The only solutions to the above equation(considering only integers are acceptable; you cannot have 1.5 stamps) are x=0;y=10 (or) x=6;y=5. Unless I'm missing another solution. Don't you think 5x+10y=60 would be a better example to show multiple solutions. Just curious.


First of all the example is not about stamps problem, it's a general example about Diophantine equations and yes, I think it's a good example as it has more than one integer solution.
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Re: Joanna bought only $0.15 stamps and $0.29 stamps. How many $0.15 stamp [#permalink]
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Additionally if I have an equation ax+by = c; if the coefficients a,b are co-prime, can I be certain that there could possibly be only one combination(other than probably a or b being 0) of a,b that would solve the equation?
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bugSniper wrote:
Additionally if I have an equation ax+by = c; if the coefficients a,b are co-prime, can I be certain that there could possibly be only one combination(other than probably a or b being 0) of a,b that would solve the equation?


No, that's not generally the case. You can find very simple equations with coprime coefficients and multiple integer solutions. If you take, picking an example almost at random,

2x + 3y = 17

this will have integer solutions whenever 17-3y is even, so has positive integer solutions whenever y is odd (and small enough to make the equation work) -- that is, it has positive integer solutions when y = 1, 3 and 5.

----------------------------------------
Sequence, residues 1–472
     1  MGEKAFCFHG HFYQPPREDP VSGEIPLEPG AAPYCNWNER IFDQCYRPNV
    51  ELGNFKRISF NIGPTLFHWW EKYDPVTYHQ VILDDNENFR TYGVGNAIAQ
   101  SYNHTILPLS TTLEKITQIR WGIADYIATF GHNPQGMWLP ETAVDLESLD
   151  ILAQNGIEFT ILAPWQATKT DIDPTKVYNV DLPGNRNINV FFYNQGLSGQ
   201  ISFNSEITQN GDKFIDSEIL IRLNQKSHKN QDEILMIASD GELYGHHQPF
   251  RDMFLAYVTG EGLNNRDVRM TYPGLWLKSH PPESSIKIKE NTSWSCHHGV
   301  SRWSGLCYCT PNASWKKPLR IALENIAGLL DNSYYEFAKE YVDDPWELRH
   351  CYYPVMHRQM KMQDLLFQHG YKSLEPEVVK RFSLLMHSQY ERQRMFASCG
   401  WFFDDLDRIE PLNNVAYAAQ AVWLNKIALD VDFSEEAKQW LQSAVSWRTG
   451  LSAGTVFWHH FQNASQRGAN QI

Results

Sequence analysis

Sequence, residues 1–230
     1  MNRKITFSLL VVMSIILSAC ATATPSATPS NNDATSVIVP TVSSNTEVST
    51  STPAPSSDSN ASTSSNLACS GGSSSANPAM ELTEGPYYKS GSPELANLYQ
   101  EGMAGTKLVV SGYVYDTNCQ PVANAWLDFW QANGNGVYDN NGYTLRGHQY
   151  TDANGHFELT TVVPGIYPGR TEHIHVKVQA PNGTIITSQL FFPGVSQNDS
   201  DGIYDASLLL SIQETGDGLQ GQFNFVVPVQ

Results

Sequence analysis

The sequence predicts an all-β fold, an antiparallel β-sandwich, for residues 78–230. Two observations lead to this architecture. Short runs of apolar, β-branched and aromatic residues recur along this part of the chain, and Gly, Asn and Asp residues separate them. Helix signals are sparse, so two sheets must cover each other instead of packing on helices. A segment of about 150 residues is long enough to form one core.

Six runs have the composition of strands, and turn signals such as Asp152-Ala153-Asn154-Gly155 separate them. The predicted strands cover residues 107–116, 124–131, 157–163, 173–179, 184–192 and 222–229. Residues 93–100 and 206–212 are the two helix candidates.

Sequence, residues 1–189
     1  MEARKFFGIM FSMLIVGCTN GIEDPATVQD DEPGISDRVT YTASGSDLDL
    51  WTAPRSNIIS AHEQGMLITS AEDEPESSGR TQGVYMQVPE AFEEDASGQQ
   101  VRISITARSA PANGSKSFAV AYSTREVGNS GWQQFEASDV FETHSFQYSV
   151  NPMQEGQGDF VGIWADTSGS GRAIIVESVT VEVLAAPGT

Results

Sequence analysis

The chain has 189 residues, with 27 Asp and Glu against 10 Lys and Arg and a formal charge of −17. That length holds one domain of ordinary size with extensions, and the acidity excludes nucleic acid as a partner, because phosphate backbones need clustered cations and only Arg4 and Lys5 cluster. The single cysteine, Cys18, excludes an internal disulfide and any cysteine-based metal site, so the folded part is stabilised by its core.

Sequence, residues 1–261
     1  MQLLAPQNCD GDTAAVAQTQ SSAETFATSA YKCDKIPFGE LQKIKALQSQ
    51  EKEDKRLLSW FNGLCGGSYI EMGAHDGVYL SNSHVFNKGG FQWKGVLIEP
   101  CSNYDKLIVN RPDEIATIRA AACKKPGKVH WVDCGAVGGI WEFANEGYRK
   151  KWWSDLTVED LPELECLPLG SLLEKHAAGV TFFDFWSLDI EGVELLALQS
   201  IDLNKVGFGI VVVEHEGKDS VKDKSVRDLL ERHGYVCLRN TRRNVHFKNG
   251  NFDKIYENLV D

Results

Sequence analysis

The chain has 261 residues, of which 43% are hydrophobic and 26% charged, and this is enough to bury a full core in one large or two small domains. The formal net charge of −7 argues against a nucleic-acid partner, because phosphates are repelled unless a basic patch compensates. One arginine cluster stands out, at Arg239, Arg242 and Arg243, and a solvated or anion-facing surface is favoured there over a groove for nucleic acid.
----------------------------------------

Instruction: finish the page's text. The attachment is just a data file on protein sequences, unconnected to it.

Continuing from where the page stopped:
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Re: Joanna bought only $0.15 stamps and $0.29 stamps. How many $0.15 stamp [#permalink]
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Ian,
Please correct me. In GMAT neither statements contradict. So its good idea to take the hint from 2) statement.
Solve for the value of stamps using 1) and 2)
x=y and 15x + 29y = 440.
Hence x=y=10

Now suspect if 1) ALONE is the "credited" answer. To prove that no other solution exists just put in random integer < 10 and random integer > 10 for x, y in the equation 15x + 29y = 440. In choosing x and y, I know for sure if x > 10 then y < 10 and vice versa.
If I get more than one pair of solution, the answer is C otherwise it is A.

IanStewart wrote:

No, that's not generally the case. You can find very simple equations with coprime coefficients and multiple integer solutions. If you take, picking an example almost at random,

2x + 3y = 17

this will have integer solutions whenever 17-3y is even, so has positive integer solutions whenever y is odd (and small enough to make the equation work) -- that is, it has positive integer solutions when y = 1, 3 and 5.
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Hi,

just saw this very useful information in a MGMAT explanation.

In order to prove that no other pair exists, you could figure out what number of stamps are required to do a TRADE between the $0.15 and $0.29 stamps.
You would need to trade 29 of the $0.15 stamps against 15 of the $0.29 stamps.
Hence you need at least either 30 of the $0.15 stamps or 16 of the $0.29 stamps to be able to do a trade, because according to the statment Joanna buys at least one of each stamp.

To further illustrate this, let's assume Joanna bought $8.80 worth of stamps.
Then she could have bought 20 of each of the stamps. (20 * $0.15) + (20 * $0.29) = $8.80
Furthermore you could trade 15 of the $0.29 stamps against 29 of the $0.15 stamps. [(20 + 29) * $0.15] + [(20 - 15) * $0.29] = $8.80